VENUE: The Henry Jackson Society, Millbank Tower, 21-24 Millbank, SW1P 4QP
SPEAKER: Professor Madhav Das Nalapat, Vice-Chair, Manipal Advanced Research Group and UNESCO Peace Chair, Department of Geopolitics and International Relations, Manipal University, India
Sino-Indian relations have been in a state of flux ever since India became, in 1950, one of the first states in the world to recognise the PRC as the legitimate government of mainland China. The relationship has been marked by border conflicts, including a war in 1962, but also periods of détente, and a recent commitment to entrench economic ties. Despite this rapprochement, it is entirely plausible that the next rupture in the international system could occur as a result of tensions between these two states, or between states in their respective spheres of influence. Relations between India and the US are perhaps warmer and are typified by economic co-operation and a joint effort to combat terrorism. The triangular relationship between the three states is characterised by each state’s worries that the other two may align against them. The US’s role as a security guarantor to South Korea, Japan and, albeit less overtly, many other states in East and South-East Asia also influences the geopolitical dynamic between this vital triad of states.
The Henry Jackson Society are pleased to invite you to an event with Professor Madhav Das Nalapat, former Editor of the Times of India, who will examine India’s borders with China, China’s ‘One Belt, One Road’ development strategy, the importance of US- India military collaboration and the situation in the South China Sea. He will add his insight into, and forecast for, India’s relations with both global powers.
To attend, please RSVP to email@example.com – RSVPs must include your full name and any affiliations including for any guests you wish to bring. We will send a confirmation that will be required to attend the event.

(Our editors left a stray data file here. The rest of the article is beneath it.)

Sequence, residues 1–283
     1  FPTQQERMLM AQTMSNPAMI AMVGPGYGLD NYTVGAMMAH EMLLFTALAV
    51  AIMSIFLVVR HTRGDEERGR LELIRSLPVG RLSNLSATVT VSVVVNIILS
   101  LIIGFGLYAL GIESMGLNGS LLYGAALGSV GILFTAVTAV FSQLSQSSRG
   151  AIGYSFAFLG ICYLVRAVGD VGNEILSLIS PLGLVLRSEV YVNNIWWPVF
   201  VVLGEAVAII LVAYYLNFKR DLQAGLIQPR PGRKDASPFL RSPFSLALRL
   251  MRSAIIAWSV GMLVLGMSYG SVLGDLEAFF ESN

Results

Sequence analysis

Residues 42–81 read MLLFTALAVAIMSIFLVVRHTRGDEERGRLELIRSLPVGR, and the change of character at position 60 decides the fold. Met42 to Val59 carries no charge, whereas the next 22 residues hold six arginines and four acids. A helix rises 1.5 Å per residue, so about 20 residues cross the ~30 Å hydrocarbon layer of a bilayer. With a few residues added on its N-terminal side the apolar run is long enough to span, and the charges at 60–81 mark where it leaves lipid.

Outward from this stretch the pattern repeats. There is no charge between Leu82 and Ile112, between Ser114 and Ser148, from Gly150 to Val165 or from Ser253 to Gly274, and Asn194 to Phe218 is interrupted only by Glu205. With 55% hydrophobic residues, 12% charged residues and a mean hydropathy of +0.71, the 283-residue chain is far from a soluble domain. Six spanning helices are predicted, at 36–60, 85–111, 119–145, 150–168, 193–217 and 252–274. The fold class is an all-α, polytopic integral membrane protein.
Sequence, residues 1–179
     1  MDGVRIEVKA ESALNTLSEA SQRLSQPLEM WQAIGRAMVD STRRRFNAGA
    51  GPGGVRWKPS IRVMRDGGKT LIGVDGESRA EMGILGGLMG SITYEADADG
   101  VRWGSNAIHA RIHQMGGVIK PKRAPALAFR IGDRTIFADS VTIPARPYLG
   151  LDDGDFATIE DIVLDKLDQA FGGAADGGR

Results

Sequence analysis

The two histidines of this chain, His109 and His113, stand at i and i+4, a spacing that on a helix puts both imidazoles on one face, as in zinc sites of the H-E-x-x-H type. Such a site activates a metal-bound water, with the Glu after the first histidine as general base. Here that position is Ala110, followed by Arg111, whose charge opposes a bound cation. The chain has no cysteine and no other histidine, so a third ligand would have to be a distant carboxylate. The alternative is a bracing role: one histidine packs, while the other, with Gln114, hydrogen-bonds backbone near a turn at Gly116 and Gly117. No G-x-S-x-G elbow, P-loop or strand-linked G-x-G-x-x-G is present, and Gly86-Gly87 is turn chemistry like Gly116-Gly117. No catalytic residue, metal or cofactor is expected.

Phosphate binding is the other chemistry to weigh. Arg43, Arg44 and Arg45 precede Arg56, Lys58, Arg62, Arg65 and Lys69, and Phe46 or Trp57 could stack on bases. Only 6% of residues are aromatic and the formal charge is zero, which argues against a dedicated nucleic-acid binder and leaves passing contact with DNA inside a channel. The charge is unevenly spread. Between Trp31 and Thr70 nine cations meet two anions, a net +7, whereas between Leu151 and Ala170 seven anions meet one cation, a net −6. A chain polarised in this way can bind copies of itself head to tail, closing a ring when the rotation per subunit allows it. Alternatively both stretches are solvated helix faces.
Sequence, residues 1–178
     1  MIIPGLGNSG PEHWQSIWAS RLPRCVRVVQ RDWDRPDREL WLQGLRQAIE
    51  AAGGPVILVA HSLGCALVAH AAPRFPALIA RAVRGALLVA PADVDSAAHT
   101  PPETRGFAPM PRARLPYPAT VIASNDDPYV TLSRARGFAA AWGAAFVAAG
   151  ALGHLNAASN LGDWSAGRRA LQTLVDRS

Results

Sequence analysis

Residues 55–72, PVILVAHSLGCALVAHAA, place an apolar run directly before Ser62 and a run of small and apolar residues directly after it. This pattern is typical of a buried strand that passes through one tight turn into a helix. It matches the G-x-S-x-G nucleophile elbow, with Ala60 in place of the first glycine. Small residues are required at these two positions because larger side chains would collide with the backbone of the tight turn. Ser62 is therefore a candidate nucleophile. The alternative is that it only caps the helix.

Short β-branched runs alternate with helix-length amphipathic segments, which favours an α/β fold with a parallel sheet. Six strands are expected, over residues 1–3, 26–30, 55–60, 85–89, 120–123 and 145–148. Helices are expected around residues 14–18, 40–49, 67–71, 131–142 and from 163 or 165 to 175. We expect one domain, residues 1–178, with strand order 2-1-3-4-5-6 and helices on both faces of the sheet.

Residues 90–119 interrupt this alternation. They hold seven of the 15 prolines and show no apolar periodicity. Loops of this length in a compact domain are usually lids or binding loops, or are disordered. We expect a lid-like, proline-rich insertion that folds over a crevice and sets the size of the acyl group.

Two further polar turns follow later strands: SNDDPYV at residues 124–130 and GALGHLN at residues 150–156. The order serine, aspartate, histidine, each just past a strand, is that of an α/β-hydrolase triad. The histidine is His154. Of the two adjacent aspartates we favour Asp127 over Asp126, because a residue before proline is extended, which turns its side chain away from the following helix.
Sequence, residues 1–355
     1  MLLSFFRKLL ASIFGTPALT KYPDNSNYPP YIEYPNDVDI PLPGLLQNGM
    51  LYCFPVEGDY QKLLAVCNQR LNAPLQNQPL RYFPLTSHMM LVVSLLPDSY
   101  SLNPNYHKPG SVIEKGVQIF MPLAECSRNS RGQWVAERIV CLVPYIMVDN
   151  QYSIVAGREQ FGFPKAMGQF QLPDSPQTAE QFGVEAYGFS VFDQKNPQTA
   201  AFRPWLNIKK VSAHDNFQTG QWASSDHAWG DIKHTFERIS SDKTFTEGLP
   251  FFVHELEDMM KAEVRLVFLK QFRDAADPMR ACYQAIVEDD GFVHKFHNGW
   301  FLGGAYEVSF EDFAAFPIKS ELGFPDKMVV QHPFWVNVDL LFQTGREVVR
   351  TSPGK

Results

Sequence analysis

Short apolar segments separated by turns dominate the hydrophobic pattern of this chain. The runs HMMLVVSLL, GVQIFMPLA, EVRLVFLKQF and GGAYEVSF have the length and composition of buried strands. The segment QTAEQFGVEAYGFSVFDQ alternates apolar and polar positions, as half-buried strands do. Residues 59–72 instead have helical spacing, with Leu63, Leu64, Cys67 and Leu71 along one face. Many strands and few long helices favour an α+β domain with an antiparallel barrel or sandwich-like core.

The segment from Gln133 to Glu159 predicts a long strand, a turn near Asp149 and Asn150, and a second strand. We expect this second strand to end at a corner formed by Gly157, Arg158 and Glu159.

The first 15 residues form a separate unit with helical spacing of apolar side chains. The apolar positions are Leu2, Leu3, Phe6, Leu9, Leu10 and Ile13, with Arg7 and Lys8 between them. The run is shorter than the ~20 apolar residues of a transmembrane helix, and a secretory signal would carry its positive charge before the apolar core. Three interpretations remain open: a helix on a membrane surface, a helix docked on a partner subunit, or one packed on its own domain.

Madhav Das Nalapat is Vice-Chair of the Manipal Advanced Research Group and UNESCO Peace Chair at the Department of Geopolitics and International Relations at Manipal University, India. A believer and promoter of India as a global power, Professor Nalapat’s work has defined India’s new nationalism since the 1980’s.
A Gold Medalist in Economics from Bombay University, Professor Nalapat’s academic career began as a fellow of the Centre for Political Research in 1974. He is the former Editor at The Times of India and is the author of seven books, the latest being The Practice of Geopolitics. Professor Nalapat is an expert on religious extremism, national security, foreign policy and political strategy and has contributed to the China Daily, Global Times, CNN Global Square, the Diplomat, The Pakistan Observer, Gateway House, Radio Free Europe, United Press International and many others.
Professor Nalapat wrote as early as 1992 that Wahhabism was the main security threat of the future, has written about the possibility of an Asian NATO, and in 2006 was the first to predict that Narendra Modi would be the next Prime Minister of India.